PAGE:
Since the 1970-s regional accents have become increasingly accepted in mainstream media, and are frequently heard. RP is also sometimes called «Oxford English», and the Oxford Dictionary gives RP pronunciations for each word. It is the accent of Standard English in England with a relationship to regional accents similar to the relationship in other European languages between their standard varieties and their regional forms. RP is used to a much lesser extent in Scotland, Wales and Ireland. Until recently, RP English was widely considered to be more educated than other accents.

Although there is nothing intrinsic about RP that marks it as superior to any other variety, sociolinguistic factors have given Received Pronunciation particular prestige in England and Wales, especially since the early to mid 20 th century. However, since the

1960-s, a greater permissiveness towards allowing regional English varieties has taken hold in education and the media in the United Kingdom; in some contexts Received Pronunciation is now perceived negatively.

To consider the historical aspect it is necessary to point out that the introduction of the term Received Pronunciation is usually credited to Daniel Jones after his comment in 1917 «In what follows I call it Received Pronunciation (abbreviation RP), for want of a better term». However, the expression had actually been used much earlier by Alexander Ellis in 1869 and Peter DuPonceau in 1818 (the term used by Henry C.K. Wyld in 1927 was «received standard»). According to Fowler's Modern English Usage (1965), the correct term is « the Received Pronunciation ».

The word received conveys its original meaning of accepted or approved – as in «received wisdom». The reference to this pronunciation as Oxford English is because it was traditionally the common speech of Oxford University; the production of dictionaries gave Oxford University prestige in matters of language. The extended versions of the Oxford English Dictionary give Received Pronunciation guidelines for each word.

RP is an accent (a form of pronunciation) and a register, rather than a dialect (a form of vocabulary and grammar as well as pronunciation). It may show a great deal about the social and educational background of a person who uses English. Anyone using RP will typically speak Standard English although the reverse is not necessarily true (e.g., the standard language may be pronounced with a regional accent, such as a Yorkshire accent; but it is very unlikely that someone speaking RP would use it to speak Scots).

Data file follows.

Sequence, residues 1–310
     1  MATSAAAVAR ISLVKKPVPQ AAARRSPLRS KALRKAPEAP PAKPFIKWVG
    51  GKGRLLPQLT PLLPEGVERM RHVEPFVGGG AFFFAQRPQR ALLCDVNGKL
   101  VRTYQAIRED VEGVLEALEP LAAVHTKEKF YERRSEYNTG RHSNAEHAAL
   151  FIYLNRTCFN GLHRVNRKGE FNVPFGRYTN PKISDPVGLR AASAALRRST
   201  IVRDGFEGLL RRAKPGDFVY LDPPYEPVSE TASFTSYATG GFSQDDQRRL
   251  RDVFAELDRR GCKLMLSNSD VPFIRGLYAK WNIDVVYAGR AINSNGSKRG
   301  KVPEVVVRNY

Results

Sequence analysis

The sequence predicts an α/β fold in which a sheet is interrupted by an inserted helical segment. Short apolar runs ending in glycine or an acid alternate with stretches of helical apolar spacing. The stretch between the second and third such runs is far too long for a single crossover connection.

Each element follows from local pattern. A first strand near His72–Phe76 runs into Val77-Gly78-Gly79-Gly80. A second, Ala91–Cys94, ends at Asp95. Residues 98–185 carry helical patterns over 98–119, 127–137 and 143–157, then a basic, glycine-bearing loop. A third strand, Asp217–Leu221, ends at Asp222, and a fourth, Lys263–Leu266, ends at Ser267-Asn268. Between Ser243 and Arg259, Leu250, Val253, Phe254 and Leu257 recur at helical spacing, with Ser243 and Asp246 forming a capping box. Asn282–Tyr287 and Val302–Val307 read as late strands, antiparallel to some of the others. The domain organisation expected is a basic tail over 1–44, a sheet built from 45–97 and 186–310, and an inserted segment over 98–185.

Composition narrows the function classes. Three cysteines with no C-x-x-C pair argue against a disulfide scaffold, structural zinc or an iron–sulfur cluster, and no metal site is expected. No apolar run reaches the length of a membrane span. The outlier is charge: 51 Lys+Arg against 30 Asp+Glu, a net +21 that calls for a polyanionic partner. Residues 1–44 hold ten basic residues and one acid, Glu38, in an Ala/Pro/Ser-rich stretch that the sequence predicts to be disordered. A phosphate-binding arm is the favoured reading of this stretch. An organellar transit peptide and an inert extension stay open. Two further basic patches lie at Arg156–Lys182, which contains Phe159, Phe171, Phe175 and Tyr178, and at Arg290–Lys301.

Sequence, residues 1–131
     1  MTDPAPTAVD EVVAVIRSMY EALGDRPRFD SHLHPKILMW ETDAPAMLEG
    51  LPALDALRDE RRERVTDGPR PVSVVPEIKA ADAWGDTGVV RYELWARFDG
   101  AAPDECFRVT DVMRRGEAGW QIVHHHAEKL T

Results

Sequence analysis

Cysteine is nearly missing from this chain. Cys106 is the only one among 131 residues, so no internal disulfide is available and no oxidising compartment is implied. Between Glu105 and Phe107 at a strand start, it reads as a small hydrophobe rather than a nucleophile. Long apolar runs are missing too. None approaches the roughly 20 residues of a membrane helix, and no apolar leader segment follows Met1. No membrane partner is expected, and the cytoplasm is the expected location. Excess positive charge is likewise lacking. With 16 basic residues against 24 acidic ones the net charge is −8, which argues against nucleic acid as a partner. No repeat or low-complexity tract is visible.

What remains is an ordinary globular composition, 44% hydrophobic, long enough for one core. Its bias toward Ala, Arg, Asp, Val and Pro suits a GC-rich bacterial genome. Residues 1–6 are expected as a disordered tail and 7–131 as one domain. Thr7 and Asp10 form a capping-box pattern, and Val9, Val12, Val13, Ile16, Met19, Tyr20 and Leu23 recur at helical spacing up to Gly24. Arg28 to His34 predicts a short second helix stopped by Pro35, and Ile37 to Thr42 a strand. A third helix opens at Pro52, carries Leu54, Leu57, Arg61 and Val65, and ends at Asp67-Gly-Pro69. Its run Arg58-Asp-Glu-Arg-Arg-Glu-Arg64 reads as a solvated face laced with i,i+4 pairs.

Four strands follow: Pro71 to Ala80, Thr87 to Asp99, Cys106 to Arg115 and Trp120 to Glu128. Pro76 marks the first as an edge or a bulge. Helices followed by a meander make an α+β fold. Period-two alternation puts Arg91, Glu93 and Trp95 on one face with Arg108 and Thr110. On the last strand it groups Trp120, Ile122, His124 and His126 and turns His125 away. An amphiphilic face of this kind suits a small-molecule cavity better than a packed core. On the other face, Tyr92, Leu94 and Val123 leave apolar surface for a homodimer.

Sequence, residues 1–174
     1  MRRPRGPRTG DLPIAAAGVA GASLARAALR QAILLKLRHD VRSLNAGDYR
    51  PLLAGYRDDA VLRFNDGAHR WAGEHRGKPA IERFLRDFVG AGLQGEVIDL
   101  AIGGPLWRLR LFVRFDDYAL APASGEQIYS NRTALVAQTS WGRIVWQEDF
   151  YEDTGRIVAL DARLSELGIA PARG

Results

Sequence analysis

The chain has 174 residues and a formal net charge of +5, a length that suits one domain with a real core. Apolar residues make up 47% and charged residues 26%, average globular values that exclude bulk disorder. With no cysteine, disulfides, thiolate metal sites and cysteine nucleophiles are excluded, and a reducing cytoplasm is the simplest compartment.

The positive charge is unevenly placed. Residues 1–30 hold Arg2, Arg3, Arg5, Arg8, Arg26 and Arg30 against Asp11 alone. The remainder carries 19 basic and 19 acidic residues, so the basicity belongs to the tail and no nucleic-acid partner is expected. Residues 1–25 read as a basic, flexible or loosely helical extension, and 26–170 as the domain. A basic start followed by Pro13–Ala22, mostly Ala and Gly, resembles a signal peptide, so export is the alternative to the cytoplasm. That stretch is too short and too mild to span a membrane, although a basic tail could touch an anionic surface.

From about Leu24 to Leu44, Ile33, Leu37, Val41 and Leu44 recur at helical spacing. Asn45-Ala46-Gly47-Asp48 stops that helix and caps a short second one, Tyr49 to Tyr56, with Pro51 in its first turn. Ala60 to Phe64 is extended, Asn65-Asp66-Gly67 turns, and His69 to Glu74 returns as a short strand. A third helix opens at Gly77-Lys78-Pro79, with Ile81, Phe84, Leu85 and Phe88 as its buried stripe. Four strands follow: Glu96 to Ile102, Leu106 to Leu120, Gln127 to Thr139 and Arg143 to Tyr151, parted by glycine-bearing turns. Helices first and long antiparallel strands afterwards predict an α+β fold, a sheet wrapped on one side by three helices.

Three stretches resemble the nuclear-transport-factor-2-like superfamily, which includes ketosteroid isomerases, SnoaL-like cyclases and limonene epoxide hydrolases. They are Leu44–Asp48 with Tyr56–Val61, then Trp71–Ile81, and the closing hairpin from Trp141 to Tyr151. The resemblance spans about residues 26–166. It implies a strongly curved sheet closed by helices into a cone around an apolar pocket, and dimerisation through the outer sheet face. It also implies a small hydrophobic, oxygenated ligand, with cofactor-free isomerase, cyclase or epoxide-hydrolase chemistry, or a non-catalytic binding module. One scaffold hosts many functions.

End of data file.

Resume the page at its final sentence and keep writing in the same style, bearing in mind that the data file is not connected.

RP is often believed to be based on the Southern accents of England, but it actually has most in common with the Early Modern English dialects of the East Midlands. This was the most populated and most prosperous area of England during the 14 th and 15 th centuries. By the end of the 15 th century, «Standard English» was established in the City of London. A mixture of London speech with elements from East Midlands, Middlesex and Essex, became known as RP.

Researchers generally distinguish between three different forms of RP: Conservative, General, and Advanced.

  • Conservative RP refers to a traditional accent associated with older speakers with certain social backgrounds.
  • General RP is often considered neutral regarding age, occupation, or lifestyle of the speaker.
  • Advanced RP refers to speech of a younger generation of speakers.

The modern style of RP is an accent often taught to non-native speakers learning British English. Non-RP Britons abroad may modify their pronunciation to something closer to Received Pronunciation in order to be understood better by people unfamiliar with the diversity of British accents. They may also modify their vocabulary and grammar to be closer to Standard English, for the same reason. RP is often used as the standard for English in most books on general phonology and phonetics and is represented in the pronunciation schemes of most dictionaries published in the United Kingdom.

Traditionally, Received Pronunciation was the «everyday speech in the families of Southern English persons whose men-folk had been educated at the great public boarding schools» and which conveyed no information about that speaker's region of origin prior to attending the school.